{ph} and {pf} represent the same sound, viz. the {pf} in NHG. {pfund}, pound.

Sec. 20.

MHG. has the following double consonants medially between vowels: {bb, gg}; {p, tt, ck}; {ff, ss, [zz]}; {mm, nn}; {ll, rr}. They were always pronounced long as in Italian and Swedish, as {bit-ter}, bitter, {e[z]-[z]en}, to eat, {kus-sen}, to kiss, {mug-ge}, midge, {rin-nen}, to run. In NHG. double consonants are never long, they merely indicate that the preceding vowel is short.

Sec. 21.

{Phonetic Survey of the MHG. Consonants.}


Voiceless { fortis p, pp t, tt k, ck explosives { lenis b, bb d g, gg

Spirants { fortis f, ff { s, ss, sch, [z], [zz] h (ch) { lenis v { s

Nasals m, mm n, nn n (= [ng])

Liquids l, ll; r, rr

Semi-vowels w, j (palatal)

To the above must be added the aspirate {h} and the affricatae (i.e. an explosive + a homorganic spirant) {z} (i.e. {ts}) and {pf} ({ph}).


Sec. 22.

The most characteristic difference between High German and the other West Germanic languages is the shifting which the consonants {p, t, k, [th]}; {pp, tt, kk, [th][th]}; {b ([bh]), d, g ([zh])}; {bb, dd, gg} underwent partly in the prehistoric and partly in the historic period of Old High German. In the following treatment of what is generally called the High German sound-shifting only such points are considered as are of importance for the purposes of this book. See Old High German Primer, Secs. 82-6.

Sec. 23.

The voiceless explosives p, t, k underwent a two-fold treatment according to their position in the word: (1) Medially or finally after vowels; (2) Initially, medially and finally after consonants (l, m, n, r), and when doubled.

NOTE.—p, t, k remained unshifted in the combinations sp, st, sk as also t in the combinations tr, ht, ft.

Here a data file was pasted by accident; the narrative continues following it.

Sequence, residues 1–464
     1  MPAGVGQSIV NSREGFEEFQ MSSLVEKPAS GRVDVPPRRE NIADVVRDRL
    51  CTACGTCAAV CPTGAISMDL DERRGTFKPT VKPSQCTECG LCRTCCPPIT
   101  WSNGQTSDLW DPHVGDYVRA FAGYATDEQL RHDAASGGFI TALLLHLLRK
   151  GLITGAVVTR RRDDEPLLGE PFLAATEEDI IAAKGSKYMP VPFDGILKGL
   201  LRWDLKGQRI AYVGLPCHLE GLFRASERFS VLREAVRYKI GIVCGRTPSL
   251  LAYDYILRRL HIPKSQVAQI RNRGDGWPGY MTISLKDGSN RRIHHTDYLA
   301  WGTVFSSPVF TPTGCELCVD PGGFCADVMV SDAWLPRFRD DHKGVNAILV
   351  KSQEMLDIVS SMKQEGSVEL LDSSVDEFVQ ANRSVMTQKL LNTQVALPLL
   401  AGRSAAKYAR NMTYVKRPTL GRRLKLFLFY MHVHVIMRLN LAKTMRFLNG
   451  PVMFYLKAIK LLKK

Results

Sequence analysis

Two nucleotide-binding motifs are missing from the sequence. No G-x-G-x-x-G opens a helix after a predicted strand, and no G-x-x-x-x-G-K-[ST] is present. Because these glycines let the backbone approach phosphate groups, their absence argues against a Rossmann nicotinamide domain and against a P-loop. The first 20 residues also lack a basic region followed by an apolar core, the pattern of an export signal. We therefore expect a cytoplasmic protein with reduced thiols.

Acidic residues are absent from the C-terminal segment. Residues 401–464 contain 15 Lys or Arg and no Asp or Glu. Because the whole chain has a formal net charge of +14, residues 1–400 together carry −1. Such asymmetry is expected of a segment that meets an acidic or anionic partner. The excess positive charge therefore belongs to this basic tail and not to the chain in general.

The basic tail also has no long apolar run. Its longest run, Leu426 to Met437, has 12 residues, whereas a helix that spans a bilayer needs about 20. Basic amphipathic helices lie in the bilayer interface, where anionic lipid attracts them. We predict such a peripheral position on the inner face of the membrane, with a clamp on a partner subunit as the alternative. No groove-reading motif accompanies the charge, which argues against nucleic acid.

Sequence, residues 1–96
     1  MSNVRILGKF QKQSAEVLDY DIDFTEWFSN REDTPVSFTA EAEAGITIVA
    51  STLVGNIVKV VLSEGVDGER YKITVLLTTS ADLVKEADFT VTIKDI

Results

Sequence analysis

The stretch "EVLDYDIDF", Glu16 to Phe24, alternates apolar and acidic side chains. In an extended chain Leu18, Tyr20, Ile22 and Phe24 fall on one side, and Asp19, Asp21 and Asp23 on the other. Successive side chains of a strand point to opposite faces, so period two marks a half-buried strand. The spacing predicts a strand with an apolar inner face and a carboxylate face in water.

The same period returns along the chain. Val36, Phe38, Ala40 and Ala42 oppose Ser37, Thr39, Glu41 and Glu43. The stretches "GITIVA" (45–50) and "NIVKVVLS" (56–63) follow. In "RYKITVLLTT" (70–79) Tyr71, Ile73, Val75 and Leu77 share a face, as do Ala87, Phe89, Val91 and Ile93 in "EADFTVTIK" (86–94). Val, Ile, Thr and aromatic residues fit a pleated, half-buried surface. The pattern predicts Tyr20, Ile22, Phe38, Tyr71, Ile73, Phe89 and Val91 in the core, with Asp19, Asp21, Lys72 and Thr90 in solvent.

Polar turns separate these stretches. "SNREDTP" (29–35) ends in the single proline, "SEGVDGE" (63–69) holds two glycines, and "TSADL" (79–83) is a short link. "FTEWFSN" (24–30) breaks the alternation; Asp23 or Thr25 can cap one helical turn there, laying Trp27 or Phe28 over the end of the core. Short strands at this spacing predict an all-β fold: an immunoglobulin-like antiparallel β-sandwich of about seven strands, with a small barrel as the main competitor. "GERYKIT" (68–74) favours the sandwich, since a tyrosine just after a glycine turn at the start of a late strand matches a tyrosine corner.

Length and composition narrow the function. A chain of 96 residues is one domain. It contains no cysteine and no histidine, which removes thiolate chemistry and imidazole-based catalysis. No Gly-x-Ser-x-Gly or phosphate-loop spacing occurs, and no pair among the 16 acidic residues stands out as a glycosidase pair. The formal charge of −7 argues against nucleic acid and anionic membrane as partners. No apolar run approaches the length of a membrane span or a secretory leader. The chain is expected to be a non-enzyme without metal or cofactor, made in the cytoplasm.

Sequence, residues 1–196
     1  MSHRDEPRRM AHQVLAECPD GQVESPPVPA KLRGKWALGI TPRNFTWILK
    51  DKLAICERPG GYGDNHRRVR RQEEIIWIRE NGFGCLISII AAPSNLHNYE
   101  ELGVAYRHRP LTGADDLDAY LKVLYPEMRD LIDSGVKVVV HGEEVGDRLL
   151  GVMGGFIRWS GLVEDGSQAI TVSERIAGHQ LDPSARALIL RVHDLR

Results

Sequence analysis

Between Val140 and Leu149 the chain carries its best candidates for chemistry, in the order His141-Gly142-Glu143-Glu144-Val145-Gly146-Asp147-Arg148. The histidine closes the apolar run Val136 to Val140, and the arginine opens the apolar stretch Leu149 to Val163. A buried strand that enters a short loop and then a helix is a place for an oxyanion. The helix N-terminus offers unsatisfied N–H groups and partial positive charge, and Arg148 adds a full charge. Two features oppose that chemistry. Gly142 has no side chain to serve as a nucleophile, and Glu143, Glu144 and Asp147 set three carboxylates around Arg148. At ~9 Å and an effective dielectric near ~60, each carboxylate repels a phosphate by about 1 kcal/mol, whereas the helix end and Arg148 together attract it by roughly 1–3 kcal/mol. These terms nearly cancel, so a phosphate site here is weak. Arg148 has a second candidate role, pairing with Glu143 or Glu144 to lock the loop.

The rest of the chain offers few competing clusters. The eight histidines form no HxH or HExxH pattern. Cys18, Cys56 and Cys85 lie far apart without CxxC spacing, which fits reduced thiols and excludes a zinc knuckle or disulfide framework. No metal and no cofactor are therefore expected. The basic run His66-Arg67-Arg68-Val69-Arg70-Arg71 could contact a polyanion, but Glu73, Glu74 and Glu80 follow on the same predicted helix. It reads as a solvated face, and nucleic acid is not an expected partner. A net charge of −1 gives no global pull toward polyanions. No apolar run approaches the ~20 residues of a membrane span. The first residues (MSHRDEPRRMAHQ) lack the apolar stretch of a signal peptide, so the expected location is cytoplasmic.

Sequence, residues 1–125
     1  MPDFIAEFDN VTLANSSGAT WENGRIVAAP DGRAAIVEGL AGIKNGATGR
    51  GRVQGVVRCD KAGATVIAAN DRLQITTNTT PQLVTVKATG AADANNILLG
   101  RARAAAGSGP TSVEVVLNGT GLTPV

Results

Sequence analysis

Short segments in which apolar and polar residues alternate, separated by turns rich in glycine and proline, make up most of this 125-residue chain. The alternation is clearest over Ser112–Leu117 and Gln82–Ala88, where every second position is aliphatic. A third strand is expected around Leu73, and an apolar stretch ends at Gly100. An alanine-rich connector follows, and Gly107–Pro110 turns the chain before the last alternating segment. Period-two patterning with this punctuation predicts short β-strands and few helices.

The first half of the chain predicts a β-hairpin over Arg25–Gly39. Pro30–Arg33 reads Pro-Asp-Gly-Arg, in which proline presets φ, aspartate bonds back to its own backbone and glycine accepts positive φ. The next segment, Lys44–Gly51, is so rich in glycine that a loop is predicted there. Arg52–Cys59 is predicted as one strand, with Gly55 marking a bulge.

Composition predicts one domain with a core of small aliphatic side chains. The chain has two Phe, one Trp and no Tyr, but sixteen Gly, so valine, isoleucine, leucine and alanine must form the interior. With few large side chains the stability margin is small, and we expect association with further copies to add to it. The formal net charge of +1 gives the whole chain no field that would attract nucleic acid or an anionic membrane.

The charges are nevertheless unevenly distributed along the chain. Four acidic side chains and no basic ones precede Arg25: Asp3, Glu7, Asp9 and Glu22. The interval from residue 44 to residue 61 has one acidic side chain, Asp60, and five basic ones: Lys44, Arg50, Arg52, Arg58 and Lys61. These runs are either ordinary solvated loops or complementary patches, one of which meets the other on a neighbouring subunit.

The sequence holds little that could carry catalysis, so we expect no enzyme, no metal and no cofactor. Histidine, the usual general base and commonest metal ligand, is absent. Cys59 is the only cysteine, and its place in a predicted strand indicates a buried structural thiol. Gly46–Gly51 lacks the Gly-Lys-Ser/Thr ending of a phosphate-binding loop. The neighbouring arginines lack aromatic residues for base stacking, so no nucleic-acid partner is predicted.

1. Single p, t, k were shifted to the voiceless double spirants ff, [zz], hh (also written ch) = MHG. ff (f), [zz] ([z]), ch.

p > ff. OE. {open}, OHG. {offan}, MHG. {offen}, open; OE. {sl[-ae]pan}, OHG. {sl[a]ffan}, MHG. {sl[a]fen}, to sleep; OE. {[u]p}, OHG. MHG. {[u]f}, up.

t > [zz]. OE. {etan}, OHG. {e[zz]an}, MHG. {e[zz]en}, to eat; OE. {h[a]tan}, OHG. {hei[zz]an}, MHG. {hei[z]en}, to call; OE. {hw[ae]t}, OHG. {hwa[z]}, MHG. {wa[z]}, what. In a few cases the {[z], [zz]} became {s} in MHG. before {t} or {st}, as pret. {saste} from {sa[z]te}: {setzen}, to set; {beste}, best, {leste}, last = OHG. {be[zz]isto}, {le[zz]isto}.

k > hh. OE. {ic}, OHG. {ih}, MHG. {ich}, I; OE. {sprecan} ({specan}), OHG. {sprehhan}, MHG. {sprechen}, to speak; OE. {t[a]cen}, OHG. {zeihhan}, MHG. {zeichen}, token. This {ch} must not be confused with the MHG. {h, ch} which corresponded to Indo-Germanic {k} (= Germanic {h}), as {ziehen}, to draw, lead, pret. {z[o]ch}, cp. Lat. {d[u]c[o]}, I lead, see Sec. 34.

The double consonants were simplified in OHG. and MHG. according to Sec. 32.

2. {p}, {t} initially, medially and finally after consonants (l, m, n, r), and when doubled, were shifted to the affricatae {pf} (also written {ph}), {tz} (generally written {zz} and {z}) = MHG. {pf} ({ph}), {tz} ({z}).

p > pf. OE. {pund}, OHG. MHG. {pfunt}, pound; OE. {gelimpan}, OHG. {gilimpfan}, MHG. {gelimpfen}, to be meet; OE. {scieppan}, OHG. {skepfen}, MHG. {schepfen}, to create. The {pf} became {f} after {l} and {r} already in OHG., as {helfan}, MHG. {helfen}, OE. {helpan}, to help; {werfan}, MHG. {werfen}, OE. {weorpan}, to throw.